Visiting the Fihlani family confirmed the community-oriented mindset that much of QQ Section shack settlement is known for. The father in this family stopped working on his neighbor's house for only a few minutes to pose for this photo before he went back to work. Four year-old Ivile also had to be tracked down as she was busy playing with the neighbors' children. This family exhibited a contentment that would surprise many.

Visiting the Fihlani family confirmed the community-oriented mindset that much of QQ Section shack settlement is known for. The father in this family stopped working on his neighbor’s house for only a few minutes to pose for this photo before he went back to work. Four year-old Ivile also had to be tracked down as she was busy playing with the neighbors’ children. This family exhibited a contentment that would surprise many.

 

Jobs are scarce for many people living in the township. “Mama kaMbali”, mother of Mbali, has been in and out of different jobs for most of her life. QQ Section Community Educare's low monthly tuition takes some of the stress away from of her joblessness. Monthly, most educares cost between R250 (~25USD) and R500 (~$50USD), QQ Section's tuition is only R90 (~$9USD) for children aged 3-6 and R120 (~$120USD) for children aged 0-2.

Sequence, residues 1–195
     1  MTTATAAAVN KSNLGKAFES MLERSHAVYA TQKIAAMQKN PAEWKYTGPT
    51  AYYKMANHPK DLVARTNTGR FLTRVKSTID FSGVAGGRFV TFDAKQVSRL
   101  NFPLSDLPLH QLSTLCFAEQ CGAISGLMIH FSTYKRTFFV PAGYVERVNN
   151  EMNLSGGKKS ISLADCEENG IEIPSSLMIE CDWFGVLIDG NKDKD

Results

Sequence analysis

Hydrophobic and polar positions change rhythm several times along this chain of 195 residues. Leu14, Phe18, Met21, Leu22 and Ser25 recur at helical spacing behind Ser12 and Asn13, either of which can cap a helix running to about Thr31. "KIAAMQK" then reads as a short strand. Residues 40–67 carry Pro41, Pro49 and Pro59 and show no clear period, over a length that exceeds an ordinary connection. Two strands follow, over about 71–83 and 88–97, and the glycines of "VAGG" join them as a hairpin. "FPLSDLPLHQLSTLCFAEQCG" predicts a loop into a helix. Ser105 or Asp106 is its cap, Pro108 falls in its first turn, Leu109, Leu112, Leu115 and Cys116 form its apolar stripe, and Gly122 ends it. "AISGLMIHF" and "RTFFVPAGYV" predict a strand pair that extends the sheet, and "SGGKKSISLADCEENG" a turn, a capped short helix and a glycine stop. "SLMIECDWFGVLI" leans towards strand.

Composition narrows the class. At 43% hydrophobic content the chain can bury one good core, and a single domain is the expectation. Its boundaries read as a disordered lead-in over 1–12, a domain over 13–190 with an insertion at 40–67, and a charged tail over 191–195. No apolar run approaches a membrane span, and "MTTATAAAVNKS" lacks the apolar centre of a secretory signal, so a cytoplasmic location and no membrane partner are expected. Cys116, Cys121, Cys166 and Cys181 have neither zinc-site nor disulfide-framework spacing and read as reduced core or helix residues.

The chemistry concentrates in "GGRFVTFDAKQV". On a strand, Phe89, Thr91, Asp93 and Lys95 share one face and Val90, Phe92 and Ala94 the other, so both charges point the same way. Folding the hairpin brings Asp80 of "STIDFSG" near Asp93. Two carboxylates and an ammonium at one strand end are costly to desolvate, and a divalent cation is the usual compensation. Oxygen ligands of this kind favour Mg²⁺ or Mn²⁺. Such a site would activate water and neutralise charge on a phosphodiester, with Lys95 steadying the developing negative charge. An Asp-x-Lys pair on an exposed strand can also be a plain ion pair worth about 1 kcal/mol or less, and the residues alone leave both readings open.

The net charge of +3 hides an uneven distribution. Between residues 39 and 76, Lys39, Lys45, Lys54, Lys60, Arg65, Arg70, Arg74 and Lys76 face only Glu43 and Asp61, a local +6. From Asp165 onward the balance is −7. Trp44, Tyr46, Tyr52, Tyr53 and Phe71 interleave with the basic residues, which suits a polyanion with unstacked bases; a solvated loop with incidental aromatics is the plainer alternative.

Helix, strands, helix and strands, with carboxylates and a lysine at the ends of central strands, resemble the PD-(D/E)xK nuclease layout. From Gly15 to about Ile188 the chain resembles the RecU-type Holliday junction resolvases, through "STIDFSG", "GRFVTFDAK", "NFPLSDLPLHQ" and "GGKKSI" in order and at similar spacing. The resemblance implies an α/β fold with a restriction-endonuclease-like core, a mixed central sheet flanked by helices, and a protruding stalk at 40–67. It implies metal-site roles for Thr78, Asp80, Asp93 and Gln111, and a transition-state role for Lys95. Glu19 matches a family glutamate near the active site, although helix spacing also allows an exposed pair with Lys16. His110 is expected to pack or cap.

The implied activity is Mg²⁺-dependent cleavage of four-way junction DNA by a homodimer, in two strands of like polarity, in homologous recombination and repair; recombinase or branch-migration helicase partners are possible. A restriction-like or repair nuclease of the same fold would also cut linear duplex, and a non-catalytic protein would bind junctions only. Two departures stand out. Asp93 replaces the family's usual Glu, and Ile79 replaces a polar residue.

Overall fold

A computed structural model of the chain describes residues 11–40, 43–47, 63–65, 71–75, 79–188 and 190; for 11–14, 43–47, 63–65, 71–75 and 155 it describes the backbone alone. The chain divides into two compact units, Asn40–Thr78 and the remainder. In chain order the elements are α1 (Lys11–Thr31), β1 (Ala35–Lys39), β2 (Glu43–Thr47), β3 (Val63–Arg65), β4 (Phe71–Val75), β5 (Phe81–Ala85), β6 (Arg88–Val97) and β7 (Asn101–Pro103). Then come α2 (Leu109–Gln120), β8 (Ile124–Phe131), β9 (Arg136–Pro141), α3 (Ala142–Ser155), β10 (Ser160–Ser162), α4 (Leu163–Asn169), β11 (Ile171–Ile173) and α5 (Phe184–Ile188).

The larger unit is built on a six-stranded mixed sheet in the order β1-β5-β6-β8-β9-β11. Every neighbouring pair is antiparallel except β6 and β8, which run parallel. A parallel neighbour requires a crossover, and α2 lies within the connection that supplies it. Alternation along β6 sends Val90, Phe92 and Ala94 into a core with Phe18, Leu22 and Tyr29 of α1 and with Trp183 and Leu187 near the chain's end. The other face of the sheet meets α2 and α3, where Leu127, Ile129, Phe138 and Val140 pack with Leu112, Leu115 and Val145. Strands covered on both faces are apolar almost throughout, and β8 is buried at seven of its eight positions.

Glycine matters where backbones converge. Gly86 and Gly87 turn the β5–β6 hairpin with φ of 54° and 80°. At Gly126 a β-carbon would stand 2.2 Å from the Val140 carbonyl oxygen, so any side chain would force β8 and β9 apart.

Jobs are scarce for many people living in the township. “Mama kaMbali”, mother of Mbali, has been in and out of different jobs for most of her life. QQ Section Community Educare’s low monthly tuition takes some of the stress away from of her joblessness. Monthly, most educares cost between R250 (~25USD) and R500 (~$50USD), QQ Section’s tuition is only R90 (~$9USD) for children aged 3-6 and R120 (~$120USD) for children aged 0-2.

Nomalizo has worked at QQ Section Community Educare since 2012 and she also serves as an elected committee member for the community. She says that her love for the kids makes the hard work completely worth it.

Nomalizo has worked at QQ Section Community Educare since 2012 and she also serves as an elected committee member for the community. She says that her love for the kids makes the hard work completely worth it.